Numerous studies have found dura mater-calvarial mesenchyme interactions during calvarial bone induction; however, the exact molecular mechanisms governing these inductive events remain unknown. Recent studies have implicated basic fibroblast growth factor (FGF-2) and transforming growth factor-beta1 (TGF-beta1) in regulating bone formation. The purpose of this study was, therefore, to investigate the expression of FGF-2 and TGF-beta1 during calvarial bone formation in rats. Eight rats were killed on embryonic days 14, 18, and 20 and neonatal day 1 (n = 32). Four animals at each time point were analyzed by in situ hybridization, and the remainder were analyzed by immunohistochemistry. The results indicated that the dura mater underlying the developing calvarial bone strongly expressed FGF-2 and TGF-beta1 mRNA at all time points examined. In contrast, minimal growth factor expression was noted in the overlying calvarial mesenchyme until embryonic day 18, but it increased significantly with increasing age. Importantly, FGF-2 and TGF-beta1 mRNA expression in the dura mater underlying the developing calvarium preceded and was significantly greater than expression in the calvarium mesenchyme (p < 0.05). Interestingly, minimal expression of FGF-2 and TGF-beta1 mRNA was noted for all time points in the dura mater underlying the posterior frontal suture and within the posterior frontal suture connective tissue (p < 0.01 when compared with the dura mater underlying the developing calvarium). Immunohistochemical findings closely paralleled mRNA expression, with intense staining for FGF-2 and TGF-beta1 in the dura mater underlying the developing calvarial mesenchyme. Increasing FGF-2 and TGF-beta1 staining was noted within calvarial osteoblasts with increasing age, particularly in cells located near the endocranial surface (i.e., in contact with the developing dura mater). These findings, together with the known biologic functions of FGF-2 and TGF-beta1, implicate these growth factors in the regulation of calvarial bone growth by the developing dura mater. The possible mechanisms of this interaction are discussed.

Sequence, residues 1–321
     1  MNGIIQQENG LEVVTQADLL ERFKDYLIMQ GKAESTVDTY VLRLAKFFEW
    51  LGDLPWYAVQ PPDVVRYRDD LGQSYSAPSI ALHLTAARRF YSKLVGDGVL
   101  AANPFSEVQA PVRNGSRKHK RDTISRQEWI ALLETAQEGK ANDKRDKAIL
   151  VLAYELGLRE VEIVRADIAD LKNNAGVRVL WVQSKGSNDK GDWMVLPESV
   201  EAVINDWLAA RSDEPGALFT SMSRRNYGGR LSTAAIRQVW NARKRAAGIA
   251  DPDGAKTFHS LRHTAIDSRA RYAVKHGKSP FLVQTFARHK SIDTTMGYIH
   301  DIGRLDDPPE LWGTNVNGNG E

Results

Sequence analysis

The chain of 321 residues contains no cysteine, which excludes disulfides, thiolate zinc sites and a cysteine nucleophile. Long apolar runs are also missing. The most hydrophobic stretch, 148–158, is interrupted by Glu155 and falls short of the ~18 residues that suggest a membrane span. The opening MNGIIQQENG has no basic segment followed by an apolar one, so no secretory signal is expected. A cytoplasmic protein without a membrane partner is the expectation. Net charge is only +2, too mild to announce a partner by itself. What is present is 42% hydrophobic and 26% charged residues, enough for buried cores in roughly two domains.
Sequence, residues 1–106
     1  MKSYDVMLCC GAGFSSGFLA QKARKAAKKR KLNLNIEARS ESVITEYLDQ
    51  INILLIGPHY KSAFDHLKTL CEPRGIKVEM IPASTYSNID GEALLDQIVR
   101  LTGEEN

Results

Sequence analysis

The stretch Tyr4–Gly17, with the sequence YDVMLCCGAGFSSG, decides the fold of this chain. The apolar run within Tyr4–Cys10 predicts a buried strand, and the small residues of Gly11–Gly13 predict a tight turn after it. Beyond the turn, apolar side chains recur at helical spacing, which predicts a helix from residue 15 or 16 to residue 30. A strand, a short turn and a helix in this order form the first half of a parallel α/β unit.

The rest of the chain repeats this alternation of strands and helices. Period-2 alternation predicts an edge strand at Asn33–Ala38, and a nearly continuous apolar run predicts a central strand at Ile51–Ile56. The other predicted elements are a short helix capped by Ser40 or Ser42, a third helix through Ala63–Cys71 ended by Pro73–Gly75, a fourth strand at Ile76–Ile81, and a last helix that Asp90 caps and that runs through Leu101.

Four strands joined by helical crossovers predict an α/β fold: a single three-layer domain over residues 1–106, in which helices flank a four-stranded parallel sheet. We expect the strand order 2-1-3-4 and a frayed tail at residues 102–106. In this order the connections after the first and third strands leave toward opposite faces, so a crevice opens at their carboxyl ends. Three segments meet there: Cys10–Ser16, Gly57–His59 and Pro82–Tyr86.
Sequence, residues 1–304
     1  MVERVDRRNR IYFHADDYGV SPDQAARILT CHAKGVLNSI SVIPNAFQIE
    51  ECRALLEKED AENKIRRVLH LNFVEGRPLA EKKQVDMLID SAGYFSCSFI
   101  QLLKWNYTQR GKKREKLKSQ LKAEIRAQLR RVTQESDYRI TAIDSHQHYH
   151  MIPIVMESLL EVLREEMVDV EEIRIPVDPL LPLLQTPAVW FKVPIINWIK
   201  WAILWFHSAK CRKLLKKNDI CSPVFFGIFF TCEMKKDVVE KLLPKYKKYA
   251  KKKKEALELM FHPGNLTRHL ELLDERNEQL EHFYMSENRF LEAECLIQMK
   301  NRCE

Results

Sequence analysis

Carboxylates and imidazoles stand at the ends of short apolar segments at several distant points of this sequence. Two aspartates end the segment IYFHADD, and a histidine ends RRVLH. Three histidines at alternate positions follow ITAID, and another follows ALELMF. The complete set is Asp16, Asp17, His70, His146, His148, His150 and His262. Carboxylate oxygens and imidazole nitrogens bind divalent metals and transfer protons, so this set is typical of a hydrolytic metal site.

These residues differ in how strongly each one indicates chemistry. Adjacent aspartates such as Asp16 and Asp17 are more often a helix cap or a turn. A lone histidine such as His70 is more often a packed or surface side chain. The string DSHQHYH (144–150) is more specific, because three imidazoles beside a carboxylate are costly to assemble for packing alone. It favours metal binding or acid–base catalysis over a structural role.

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View details for PubMedID 10654687